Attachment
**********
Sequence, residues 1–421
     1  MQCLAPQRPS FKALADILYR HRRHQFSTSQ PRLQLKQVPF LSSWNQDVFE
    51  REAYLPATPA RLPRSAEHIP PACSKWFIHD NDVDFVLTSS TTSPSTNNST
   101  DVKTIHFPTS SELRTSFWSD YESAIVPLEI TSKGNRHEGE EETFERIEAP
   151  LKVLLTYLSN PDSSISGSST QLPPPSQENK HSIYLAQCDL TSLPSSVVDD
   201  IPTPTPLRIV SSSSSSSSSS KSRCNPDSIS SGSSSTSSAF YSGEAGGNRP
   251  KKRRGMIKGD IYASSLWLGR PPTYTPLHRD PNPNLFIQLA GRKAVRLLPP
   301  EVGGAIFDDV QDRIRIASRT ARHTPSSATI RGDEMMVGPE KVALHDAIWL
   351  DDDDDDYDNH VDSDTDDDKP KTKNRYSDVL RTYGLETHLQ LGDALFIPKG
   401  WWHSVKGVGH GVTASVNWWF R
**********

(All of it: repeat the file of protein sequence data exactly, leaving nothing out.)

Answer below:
Sequence, residues 1–421
     1  MQCLAPQRPS FKALADILYR HRRHQFSTSQ PRLQLKQVPF LSSWNQDVFE
    51  REAYLPATPA RLPRSAEHIP PACSKWFIHD NDVDFVLTSS TTSPSTNNST
   101  DVKTIHFPTS SELRTSFWSD YESAIVPLEI TSKGNRHEGE EETFERIEAP
   151  LKVLLTYLSN PDSSISGSST QLPPPSQENK HSIYLAQCDL TSLPSSVVDD
   201  IPTPTPLRIV SSSSSSSSSS KSRCNPDSIS SGSSSTSSAF YSGEAGGNRP
   251  KKRRGMIKGD IYASSLWLGR PPTYTPLHRD PNPNLFIQLA GRKAVRLLPP
   301  EVGGAIFDDV QDRIRIASRT ARHTPSSATI RGDEMMVGPE KVALHDAIWL
   351  DDDDDDYDNH VDSDTDDDKP KTKNRYSDVL RTYGLETHLQ LGDALFIPKG
   401  WWHSVKGVGH GVTASVNWWF R